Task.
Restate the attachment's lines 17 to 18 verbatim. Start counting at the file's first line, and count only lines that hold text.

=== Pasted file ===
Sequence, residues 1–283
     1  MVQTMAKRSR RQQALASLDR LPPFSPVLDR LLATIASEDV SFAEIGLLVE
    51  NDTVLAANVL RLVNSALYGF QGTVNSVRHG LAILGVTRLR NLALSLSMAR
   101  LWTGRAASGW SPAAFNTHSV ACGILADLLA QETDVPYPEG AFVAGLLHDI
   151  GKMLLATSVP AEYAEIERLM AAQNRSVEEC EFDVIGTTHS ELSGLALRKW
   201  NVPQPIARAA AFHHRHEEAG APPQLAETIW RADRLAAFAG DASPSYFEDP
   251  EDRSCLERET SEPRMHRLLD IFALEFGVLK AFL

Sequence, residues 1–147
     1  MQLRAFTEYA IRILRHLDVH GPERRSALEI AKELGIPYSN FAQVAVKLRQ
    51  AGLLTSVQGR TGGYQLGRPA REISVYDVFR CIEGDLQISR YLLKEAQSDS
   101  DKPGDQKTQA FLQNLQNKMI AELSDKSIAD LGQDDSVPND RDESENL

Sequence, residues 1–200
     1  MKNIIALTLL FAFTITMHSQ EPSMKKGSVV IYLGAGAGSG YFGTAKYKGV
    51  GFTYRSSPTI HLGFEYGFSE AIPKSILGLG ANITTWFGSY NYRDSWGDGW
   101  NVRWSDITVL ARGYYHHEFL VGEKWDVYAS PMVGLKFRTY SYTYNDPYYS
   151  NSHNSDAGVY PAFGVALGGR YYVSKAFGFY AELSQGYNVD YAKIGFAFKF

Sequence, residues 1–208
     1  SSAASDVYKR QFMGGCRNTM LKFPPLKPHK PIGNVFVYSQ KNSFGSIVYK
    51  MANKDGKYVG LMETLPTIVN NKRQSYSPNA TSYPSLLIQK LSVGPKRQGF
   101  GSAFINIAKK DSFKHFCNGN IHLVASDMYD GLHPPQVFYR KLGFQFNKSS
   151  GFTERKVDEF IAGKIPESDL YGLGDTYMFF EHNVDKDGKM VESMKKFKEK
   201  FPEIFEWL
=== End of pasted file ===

Sequence, residues 1–208
     1  SSAASDVYKR QFMGGCRNTM LKFPPLKPHK PIGNVFVYSQ KNSFGSIVYK